7. Sometimes a sleeping man, sees a dream rising of itself before him, by reason of some prior action or desire of the same kind arising in the mind; such is the uncalled for appearance of anything or property unto us; and it is therefore that we are denominated as dreaming men. (The story of Lila related before, will serve as an elucidation of this kind).

8. They who come to wake after their prolonged sleep and dream, are called as awakened from their sleep and dream, and to have got rid of them (such are the enlightened men that have come out of their ignorance).

9. I say we are also sleepers and dreamers, among those sleeping men;because we do not perceive the omniscient One, who by his omnipresence is present every where, as the All in all.

10. Rama rejoined;—Tell me now where are those awakened and enlightened men now situated, when those kalpa ages wherein they lived and were born, are now past and gone along with their false imagination.

Vasishtha replied:—

11. Those who have got rid of their erroneous dreams in this world, and are awakened from their sleep; resort to some other bodies which they meet with, agreeable to the fancies which they form in their imaginations. (Every one having a peculiar fancy of himself for anything, assumes that form in his next birth).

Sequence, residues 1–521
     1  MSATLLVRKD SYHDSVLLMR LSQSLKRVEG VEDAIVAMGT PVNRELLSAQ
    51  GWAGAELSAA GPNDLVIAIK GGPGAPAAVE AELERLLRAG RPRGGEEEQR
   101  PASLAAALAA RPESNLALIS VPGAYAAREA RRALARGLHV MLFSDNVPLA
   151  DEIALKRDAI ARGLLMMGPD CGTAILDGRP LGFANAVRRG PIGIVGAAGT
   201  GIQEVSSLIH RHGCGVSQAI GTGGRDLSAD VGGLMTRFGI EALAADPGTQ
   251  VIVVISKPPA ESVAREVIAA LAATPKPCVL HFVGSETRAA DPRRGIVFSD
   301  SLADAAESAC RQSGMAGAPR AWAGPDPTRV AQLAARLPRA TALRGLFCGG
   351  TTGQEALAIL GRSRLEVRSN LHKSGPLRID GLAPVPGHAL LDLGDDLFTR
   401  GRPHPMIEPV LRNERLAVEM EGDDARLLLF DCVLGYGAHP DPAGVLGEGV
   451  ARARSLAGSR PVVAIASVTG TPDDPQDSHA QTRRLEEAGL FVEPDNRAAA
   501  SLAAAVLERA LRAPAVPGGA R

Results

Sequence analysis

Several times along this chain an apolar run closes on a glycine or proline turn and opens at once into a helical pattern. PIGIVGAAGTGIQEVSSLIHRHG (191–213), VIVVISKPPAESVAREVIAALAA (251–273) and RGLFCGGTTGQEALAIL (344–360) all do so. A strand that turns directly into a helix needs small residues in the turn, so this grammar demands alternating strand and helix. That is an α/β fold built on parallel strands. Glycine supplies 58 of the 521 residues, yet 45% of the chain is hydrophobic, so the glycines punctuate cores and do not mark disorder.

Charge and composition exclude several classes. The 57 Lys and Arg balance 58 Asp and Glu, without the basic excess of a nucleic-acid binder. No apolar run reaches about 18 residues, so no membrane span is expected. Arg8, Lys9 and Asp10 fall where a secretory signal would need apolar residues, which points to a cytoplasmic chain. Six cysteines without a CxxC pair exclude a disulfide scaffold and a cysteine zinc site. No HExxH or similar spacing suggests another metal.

12. Thus they meet with other forms in other ages of the world, according to their own peculiar fancies; because there is no end of the concatenation and fumes of fancy, in the empty air of the mind.

13. Now know them that are said to be awakened from their sleep, to be those who have got out of this imaginary world; as the inborn insects, come out of an old and rotten fig tree.

14. Hear now of those that are said to be waking in their fancies and desires, and they are those who are born in some former age, and in some part of the world; and were entirely restless and sleepless in their minds owing to some fanciful desire springing in them, and to which they were wholly devoted (so are they that live upon hope).